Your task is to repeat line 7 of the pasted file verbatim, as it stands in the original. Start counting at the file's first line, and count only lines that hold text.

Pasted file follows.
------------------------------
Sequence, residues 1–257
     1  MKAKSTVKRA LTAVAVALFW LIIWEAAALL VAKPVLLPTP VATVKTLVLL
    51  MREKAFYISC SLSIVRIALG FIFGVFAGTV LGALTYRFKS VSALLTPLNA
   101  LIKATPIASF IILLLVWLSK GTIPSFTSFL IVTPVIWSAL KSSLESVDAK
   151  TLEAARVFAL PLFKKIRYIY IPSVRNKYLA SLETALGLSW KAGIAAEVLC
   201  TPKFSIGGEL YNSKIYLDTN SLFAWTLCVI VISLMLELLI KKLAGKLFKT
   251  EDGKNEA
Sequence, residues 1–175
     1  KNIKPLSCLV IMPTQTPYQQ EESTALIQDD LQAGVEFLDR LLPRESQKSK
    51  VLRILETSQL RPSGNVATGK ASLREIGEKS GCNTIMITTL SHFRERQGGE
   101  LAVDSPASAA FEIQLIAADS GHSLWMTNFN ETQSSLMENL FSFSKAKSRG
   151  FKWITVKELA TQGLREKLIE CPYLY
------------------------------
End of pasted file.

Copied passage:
   251  EDGKNEA